“A friend emailed me from California: TURN ON CNN. HAIFA IS BEING BOMBED,” recalls author Leora Skolkin-Smith. “From then on, my shock and sickness didn’t come fromÂ watching the places I walked as a child burn and explode, but from witnessing the relentless aggression on both sides—the slow and deadly destruction of Beirut, the victims in Lebanon—those faces who were once my family’s best friends.” Skolkin-Smith grew up in Haifa, and many of her members of her family who had lived in Palestine before the creation of Israel had been educated in Lebanon, so the war was intensely upsetting to her. “This is so painful for the generations that know the truth,” she says, “that these countries are divided against one another not from desire or hate, but because of larger forces.”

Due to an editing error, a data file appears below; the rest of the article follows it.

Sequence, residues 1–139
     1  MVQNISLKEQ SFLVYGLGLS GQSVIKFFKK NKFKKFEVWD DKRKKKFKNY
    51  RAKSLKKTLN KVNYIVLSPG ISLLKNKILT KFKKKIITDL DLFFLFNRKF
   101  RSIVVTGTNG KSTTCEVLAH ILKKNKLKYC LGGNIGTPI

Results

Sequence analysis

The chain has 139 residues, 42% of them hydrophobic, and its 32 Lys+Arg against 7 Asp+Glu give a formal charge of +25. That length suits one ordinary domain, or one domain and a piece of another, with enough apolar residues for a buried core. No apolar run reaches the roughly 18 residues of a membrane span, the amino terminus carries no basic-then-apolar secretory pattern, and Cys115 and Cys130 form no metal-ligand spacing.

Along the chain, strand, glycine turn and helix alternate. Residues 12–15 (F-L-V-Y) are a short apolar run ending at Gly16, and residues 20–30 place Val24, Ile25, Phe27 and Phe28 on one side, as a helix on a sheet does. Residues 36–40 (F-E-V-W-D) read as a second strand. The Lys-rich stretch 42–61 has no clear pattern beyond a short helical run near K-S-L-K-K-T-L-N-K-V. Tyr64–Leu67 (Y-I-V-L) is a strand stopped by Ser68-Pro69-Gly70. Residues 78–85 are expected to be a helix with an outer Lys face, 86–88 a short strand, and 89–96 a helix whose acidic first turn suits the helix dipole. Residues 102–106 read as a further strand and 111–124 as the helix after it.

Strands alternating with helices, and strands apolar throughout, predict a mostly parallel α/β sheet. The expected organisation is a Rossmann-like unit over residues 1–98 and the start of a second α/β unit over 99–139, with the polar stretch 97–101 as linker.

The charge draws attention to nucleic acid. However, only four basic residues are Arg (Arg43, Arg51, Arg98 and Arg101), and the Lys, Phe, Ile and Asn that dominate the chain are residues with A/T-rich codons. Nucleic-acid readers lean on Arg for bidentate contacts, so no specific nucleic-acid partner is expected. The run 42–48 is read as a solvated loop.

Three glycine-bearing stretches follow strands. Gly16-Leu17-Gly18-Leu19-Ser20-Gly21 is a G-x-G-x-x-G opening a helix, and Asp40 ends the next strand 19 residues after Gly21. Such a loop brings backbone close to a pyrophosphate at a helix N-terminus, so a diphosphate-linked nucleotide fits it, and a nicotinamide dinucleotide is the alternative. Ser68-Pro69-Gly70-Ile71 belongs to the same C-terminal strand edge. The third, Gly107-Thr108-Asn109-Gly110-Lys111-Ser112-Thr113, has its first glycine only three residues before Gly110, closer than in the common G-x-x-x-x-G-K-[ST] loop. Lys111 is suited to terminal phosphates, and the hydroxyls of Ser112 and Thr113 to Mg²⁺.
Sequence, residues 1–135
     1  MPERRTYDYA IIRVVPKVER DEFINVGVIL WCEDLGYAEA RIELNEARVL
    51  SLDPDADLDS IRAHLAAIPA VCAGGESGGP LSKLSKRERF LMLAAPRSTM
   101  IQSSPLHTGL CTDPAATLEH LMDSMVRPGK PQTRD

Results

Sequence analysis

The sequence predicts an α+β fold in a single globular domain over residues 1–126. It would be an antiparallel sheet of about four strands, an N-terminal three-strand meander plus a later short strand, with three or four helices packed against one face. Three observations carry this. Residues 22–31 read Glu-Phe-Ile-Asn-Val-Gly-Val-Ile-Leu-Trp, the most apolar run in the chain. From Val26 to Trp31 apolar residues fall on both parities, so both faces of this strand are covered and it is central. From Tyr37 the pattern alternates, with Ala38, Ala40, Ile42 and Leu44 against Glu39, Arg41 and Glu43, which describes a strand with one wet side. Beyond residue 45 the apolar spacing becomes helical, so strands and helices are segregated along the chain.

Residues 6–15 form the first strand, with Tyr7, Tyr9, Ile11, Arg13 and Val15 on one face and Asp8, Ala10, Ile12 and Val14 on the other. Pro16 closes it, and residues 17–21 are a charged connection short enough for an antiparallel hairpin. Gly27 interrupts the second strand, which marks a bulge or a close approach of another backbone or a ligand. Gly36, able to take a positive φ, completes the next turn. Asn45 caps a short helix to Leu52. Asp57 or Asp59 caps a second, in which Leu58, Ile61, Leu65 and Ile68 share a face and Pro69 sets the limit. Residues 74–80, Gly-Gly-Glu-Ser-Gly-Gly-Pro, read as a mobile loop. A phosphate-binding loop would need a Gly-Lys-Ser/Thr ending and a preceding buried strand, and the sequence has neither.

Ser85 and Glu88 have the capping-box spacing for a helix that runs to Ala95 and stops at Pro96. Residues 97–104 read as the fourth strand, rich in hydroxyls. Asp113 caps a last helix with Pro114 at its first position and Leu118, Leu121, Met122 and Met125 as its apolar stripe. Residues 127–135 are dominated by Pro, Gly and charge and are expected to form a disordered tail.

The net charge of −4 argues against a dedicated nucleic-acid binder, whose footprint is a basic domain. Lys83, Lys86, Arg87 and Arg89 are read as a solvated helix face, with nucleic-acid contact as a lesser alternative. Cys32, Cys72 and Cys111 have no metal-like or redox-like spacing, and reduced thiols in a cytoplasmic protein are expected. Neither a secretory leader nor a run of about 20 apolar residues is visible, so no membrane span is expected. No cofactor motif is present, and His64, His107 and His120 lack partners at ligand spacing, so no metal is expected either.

Resolved to do something to call attention to the problem, Skolkin-Smith got in touch with her friend, fellow writer M.J. Rose, and asked for advice. How could she put together a reading without seeming self-promotional (especially since her novel, Edges, is set in Israel and Palestine)? Rose suggested that none of the authors at the event read from their own work; instead, when the fifteen participants gather at SoHo’s McNally-Robinson bookstore on September 18, they’ll be reading from other people’s writing about war and its consequences. Readers include Robb Forman Dew, Masha Hamilton, and Binnie Kirshenbaum, with organizational help from Grace Paley and Sue O’Doherty. Profits from the evening’s sales, as well as additional donations collected at the event, will benefit Seeds of Peace, a non-profit which helps teenagers who live in conflict zones learn to reconcile with their peers.